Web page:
In the spirit of the agnostic, allow me to note that it's possible I am wrong about all of this.

Geisler and Turek's main problem with the agnostic's philosophy - and the reason why they spend two chapters trying to debunk it - is their perception that its adherents use it to abdicate responsibility. As they write on page 32, "there's a big difference between being open-minded and being empty-minded."

Geisler and Turek aren't wrong here. A lot of self-described agnostics, when it comes to larger questions about the universe, do tend to punt in a way they never would when it comes to other issues. They use the incompleteness of their data as an excuse not to think.

However - and here I think that if Geisler and Turek were to read what I'm about to write, they would nod their heads - their position is a sham. You can be a close-minded Christian or a close-minded atheist or an open-minded (read: agnostic) Christian or an open-minded atheist or a close-minded Buddhist etc., but you can't be simply an unhyphenated agnostic. It's functionally impossible.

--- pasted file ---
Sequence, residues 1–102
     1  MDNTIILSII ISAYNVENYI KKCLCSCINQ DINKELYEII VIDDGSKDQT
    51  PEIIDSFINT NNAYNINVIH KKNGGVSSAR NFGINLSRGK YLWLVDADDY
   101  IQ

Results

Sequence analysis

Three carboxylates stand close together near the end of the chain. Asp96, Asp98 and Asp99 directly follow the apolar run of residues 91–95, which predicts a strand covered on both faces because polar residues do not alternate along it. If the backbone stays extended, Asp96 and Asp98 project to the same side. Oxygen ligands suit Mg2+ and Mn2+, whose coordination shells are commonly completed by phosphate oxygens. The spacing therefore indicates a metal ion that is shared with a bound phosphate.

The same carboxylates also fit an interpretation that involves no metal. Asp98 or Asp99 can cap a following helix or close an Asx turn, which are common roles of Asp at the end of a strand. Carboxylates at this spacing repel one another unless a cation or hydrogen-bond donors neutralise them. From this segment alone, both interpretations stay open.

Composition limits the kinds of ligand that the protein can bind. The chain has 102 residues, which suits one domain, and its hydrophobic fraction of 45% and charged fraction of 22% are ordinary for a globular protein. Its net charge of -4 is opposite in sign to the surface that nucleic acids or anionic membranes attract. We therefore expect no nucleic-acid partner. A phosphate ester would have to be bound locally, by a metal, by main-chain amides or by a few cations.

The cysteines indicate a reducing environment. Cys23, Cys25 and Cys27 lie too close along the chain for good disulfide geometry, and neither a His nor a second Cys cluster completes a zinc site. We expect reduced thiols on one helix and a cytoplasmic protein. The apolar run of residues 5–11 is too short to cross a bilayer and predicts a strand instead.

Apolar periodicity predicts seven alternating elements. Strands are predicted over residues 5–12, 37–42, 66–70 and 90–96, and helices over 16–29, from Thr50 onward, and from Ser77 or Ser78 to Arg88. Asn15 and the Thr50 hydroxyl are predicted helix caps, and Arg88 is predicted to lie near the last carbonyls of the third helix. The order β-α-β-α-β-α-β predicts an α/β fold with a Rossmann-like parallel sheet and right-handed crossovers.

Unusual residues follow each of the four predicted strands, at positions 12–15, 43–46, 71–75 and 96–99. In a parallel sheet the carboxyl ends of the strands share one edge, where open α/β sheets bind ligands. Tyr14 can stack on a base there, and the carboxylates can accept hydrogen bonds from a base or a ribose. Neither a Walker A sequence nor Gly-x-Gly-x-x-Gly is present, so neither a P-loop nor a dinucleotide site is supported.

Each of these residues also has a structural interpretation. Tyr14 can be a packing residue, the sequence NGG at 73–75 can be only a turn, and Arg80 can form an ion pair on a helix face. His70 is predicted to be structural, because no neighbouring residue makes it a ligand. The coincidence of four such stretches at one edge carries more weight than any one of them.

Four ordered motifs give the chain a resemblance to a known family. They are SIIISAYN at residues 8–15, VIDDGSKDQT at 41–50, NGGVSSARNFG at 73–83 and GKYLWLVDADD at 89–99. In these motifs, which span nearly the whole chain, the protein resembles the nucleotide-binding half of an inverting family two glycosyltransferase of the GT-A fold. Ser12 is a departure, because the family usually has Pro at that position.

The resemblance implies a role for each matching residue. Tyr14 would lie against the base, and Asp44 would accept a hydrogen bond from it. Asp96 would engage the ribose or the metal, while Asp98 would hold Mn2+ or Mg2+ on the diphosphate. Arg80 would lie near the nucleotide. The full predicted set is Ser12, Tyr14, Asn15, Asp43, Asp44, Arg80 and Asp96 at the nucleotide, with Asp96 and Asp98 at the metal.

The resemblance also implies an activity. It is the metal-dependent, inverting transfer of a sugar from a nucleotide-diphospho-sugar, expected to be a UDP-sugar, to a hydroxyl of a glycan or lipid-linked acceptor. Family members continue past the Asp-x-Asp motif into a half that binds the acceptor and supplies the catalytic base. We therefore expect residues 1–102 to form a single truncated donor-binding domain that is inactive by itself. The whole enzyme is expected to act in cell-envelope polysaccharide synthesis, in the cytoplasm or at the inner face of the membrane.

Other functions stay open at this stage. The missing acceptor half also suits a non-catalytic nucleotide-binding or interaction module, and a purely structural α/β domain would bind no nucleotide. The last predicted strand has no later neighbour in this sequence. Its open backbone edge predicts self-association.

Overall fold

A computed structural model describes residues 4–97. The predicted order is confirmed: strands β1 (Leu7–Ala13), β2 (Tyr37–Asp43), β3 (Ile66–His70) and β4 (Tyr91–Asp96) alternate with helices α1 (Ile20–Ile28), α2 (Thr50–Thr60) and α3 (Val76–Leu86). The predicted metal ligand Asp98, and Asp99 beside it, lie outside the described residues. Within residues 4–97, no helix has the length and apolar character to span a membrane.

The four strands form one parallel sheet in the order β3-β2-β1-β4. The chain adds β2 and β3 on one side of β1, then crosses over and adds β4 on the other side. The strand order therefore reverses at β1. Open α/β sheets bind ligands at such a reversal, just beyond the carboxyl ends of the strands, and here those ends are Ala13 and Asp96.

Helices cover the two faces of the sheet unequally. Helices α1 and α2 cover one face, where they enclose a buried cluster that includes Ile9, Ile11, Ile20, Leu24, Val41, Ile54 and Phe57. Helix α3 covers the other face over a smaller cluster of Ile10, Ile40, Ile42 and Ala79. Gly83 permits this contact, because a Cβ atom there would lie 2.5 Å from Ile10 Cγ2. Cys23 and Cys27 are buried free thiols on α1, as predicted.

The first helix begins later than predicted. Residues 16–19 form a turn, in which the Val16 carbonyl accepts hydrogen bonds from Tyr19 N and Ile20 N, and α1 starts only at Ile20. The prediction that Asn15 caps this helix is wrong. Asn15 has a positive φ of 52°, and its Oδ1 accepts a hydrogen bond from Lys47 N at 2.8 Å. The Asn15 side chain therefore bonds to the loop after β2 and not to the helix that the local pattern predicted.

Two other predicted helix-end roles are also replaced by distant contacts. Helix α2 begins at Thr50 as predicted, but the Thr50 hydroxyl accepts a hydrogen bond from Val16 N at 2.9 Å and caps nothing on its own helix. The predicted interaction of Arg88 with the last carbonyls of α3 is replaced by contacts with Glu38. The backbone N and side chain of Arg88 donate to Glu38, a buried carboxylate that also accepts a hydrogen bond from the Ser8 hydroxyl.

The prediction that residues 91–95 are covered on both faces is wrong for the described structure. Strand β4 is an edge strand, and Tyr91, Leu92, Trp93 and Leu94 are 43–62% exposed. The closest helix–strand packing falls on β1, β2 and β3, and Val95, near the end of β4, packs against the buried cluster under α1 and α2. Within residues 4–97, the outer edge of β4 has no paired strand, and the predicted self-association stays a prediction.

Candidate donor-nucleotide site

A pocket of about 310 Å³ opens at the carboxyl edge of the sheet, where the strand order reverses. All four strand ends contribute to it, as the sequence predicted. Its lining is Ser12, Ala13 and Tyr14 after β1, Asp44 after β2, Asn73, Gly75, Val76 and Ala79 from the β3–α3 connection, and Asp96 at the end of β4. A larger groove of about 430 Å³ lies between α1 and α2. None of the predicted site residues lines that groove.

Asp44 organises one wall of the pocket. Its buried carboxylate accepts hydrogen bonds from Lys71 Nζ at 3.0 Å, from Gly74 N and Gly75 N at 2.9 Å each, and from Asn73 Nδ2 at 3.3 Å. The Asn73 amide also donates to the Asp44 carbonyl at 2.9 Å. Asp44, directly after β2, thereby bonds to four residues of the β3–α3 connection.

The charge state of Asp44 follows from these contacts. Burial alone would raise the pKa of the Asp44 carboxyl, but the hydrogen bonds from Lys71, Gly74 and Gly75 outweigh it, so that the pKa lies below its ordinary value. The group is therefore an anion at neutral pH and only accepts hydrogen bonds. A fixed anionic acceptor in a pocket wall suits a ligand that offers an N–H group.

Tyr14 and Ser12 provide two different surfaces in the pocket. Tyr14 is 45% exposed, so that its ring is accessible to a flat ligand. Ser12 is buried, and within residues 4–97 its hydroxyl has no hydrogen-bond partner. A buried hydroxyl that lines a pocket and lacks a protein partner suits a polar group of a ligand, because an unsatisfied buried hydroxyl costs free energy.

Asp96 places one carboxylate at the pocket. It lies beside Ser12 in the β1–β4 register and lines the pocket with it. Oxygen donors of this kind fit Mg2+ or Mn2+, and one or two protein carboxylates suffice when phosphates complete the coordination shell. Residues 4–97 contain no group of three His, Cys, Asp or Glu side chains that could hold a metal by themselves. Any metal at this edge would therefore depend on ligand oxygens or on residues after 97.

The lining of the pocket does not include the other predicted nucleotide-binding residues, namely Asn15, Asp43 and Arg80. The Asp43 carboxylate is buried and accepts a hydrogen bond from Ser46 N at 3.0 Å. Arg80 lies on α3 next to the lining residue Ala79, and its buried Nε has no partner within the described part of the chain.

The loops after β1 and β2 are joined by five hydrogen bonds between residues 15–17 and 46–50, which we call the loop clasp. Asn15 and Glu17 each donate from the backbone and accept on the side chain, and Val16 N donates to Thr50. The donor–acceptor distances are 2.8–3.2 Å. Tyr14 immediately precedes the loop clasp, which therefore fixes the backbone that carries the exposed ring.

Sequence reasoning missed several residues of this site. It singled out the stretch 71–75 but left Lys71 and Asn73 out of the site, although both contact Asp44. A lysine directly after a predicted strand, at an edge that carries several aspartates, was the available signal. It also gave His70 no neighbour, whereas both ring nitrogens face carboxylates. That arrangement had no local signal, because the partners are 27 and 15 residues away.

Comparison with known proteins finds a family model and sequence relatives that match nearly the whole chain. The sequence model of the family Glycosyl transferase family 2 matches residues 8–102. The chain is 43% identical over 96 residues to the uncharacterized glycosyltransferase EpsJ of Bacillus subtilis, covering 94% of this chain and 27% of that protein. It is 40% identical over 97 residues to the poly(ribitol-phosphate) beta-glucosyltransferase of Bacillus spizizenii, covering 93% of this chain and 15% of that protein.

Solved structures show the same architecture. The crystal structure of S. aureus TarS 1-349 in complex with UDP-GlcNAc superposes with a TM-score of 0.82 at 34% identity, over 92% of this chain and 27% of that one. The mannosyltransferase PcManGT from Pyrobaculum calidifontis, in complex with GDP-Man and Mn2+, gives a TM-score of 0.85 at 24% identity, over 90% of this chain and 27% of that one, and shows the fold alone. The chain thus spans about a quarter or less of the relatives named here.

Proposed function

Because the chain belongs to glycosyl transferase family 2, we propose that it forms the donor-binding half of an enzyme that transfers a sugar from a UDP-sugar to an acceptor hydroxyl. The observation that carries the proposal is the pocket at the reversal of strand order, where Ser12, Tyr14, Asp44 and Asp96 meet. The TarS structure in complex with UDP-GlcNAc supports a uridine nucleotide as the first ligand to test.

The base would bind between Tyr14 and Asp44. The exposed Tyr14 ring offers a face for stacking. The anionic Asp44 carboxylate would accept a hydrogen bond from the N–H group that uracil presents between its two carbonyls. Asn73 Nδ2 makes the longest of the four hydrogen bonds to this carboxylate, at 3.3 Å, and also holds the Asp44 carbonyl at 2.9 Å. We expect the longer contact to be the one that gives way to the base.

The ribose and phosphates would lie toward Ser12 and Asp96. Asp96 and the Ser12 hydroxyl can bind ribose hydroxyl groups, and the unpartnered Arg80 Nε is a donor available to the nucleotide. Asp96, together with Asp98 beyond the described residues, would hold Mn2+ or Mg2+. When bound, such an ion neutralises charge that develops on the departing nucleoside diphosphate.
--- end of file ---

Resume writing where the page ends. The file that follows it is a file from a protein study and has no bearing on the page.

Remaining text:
Imagine a general is faced with a battlefield shrouded in an impenetrable fog. He has no way of knowing what's inside of it. Regardless, he must decide on a plan and implement it, for the alternative is paralysis. Just so, one must base one's behavior in life on some rudimentary idea about Heaven and Earth, using the data available, however imperfect. So if a self-described agnostic is living as if no god exists which plans to punish him for his sins, I submit to you that agnostic has already judged for himself what the more likely answers are to his questions.

Thus Kant and other agnostics don't really pose a threat to the Christian world view. They only impose a certain level of humility upon us all as we decipher for ourselves the reality around us, using the faculties with which we are armed.

Despite the Christian's consistent call for humility in all things - I've gotten finger-wagging from a lot of Christians already for being too self-confident in my denunciations of Geisler and Turek - this particular need for meekness drives a lot of them mad. I attribute that to a number of "volitional" reasons, myself. And what do you know? Looking at Chapter 2, I see those are what we'll be discussing on Wednesday.